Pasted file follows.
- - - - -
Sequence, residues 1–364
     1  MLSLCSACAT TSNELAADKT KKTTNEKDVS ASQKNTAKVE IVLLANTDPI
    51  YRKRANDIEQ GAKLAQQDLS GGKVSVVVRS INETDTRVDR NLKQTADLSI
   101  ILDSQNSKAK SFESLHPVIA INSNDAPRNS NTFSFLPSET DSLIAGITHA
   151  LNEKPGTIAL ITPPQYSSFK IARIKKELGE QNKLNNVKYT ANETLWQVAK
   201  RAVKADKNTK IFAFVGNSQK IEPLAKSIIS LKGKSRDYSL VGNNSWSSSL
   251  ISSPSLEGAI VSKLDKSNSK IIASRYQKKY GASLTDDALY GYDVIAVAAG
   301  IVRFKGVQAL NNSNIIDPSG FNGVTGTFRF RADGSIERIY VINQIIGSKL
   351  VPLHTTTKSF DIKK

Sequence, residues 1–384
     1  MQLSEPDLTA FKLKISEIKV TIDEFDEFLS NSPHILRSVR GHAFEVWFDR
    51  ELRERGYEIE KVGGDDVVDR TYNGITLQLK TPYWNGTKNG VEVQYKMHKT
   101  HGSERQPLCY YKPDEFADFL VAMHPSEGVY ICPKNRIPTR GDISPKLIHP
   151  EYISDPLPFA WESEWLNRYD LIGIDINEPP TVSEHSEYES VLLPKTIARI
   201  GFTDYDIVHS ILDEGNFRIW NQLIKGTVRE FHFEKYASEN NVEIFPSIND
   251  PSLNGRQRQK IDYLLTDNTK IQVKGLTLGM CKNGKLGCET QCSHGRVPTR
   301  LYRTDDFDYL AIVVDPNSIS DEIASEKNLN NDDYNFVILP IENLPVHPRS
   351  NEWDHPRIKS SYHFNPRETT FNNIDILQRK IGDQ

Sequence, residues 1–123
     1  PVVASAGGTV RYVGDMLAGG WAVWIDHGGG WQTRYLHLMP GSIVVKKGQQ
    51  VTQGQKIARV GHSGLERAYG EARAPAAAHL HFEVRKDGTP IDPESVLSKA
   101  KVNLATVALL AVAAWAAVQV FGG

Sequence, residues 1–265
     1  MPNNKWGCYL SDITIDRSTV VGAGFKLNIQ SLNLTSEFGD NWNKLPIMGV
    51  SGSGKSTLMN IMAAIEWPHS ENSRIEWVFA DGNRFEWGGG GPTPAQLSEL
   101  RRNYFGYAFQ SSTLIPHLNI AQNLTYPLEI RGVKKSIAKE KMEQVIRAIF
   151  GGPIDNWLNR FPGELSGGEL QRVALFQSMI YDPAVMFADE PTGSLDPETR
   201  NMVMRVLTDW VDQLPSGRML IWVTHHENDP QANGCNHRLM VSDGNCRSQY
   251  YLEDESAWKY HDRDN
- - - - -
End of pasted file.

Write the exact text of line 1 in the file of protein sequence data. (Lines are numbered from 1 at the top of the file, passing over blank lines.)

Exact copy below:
Sequence, residues 1–364